Noncash Charitable Donations
Many investors will seek to offset potential tax liabilities by maximizing charitable donations. Making noncash charitable contributions can be a great way to do so. Following are answers to commonly asked questions regarding charitable donations.
Q: What qualifies as noncash charitable contributions?
A: Noncash assets for donation include publicly traded securities, initial public offering (IPO) stock, restricted stock, privately held business interests, real estate, private equity fund interests and fine art and collectibles, among other items.
Q: What are the requirements for using noncash charitable contributions to offset my tax liabilities?
A: Charitable donations can only be used to reduce your tax liabilities if you itemize deductions on your tax return. Typically, you would itemize if the combined total of your anticipated deductions, including charitable contributions, equals more than the standard deduction.
To be eligible for a charitable deduction, the contribution must be made to a qualified organization. Gifts to individuals are never deductible. Also, if you receive a benefit from the contribution to the qualified organization, such as admission to an event, goods or services, you are only eligible to deduct the amount that exceeds the fair market value of the benefit received.
Q: How can I deduct noncash donations?
A: For any noncash charitable contribution of $250 or more, you must maintain a receipt from the qualified organization.1 In addition to providing a description of the donation, this receipt must state whether any goods or services were provided in exchange for the donation as well as the value of such goods/services.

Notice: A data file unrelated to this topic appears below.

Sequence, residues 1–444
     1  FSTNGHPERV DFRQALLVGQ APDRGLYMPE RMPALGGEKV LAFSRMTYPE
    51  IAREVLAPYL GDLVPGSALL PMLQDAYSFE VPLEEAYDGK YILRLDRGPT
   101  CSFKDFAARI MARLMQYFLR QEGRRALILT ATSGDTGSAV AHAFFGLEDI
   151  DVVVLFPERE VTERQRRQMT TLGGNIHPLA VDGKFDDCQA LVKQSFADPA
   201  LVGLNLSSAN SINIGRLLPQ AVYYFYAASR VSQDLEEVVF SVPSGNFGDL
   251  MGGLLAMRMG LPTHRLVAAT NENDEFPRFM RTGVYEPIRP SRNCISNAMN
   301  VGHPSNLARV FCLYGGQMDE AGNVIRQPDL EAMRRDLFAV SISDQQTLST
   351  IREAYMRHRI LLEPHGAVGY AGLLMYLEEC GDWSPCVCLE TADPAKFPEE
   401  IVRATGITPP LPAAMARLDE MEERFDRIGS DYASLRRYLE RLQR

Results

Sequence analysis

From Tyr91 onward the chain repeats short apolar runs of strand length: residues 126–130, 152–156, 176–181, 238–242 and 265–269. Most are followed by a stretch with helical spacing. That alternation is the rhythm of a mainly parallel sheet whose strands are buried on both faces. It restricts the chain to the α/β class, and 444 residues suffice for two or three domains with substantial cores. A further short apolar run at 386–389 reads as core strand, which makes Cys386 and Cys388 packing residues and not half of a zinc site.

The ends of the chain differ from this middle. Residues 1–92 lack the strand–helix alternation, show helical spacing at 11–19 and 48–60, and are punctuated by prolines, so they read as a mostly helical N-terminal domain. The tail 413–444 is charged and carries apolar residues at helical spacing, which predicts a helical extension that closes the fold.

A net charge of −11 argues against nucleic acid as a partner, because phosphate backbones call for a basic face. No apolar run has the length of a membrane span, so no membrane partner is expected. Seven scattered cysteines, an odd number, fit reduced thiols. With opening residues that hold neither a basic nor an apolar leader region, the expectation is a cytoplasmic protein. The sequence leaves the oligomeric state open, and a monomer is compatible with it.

If the amount of the noncash donation is greater than $500, the IRS requires you to include Form 8283 with your tax return. If the amount of the noncash donation is more than $5,000, you will also need a qualified appraisal of the noncash property.1
Q: Is there a limit to the amount I can deduct?
A: Yes, and the noncash charitable contributions limit varies based on the type of charitable organization that receives your donation.
- When you make donations to public organizations such as churches, educational institutions and hospitals, your total charitable deduction (including both cash and noncash donations) cannot exceed 50% of your adjusted gross income (AGI).
- When you make donations to private organizations such as veterans’ groups, fraternal societies, nonprofit cemeteries and certain private foundations, the maximum deduction cannot exceed 30% of your AGI.2
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For assistance with reporting your noncash charitable donations for tax purposes, consider reaching out to your wealth advisor who can coordinate with your tax professional to help minimize your tax burden.
This material is intended for informational and educational purposes only. It does not take into account any individual personal, financial, or tax considerations. It is not intended to be personal financial or tax advice or a recommendation to engage in a particular financial or tax strategy.
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